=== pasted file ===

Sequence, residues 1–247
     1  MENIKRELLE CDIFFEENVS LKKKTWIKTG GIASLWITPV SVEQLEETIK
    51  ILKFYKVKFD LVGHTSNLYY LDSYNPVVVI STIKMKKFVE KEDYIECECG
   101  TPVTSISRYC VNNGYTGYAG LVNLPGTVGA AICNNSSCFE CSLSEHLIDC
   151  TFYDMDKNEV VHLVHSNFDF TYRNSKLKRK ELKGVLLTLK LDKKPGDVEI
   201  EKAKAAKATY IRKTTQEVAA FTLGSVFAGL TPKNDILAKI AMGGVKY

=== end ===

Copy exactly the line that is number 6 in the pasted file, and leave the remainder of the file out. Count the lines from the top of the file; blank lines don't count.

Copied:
   201  EKAKAAKATY IRKTTQEVAA FTLGSVFAGL TPKNDILAKI AMGGVKY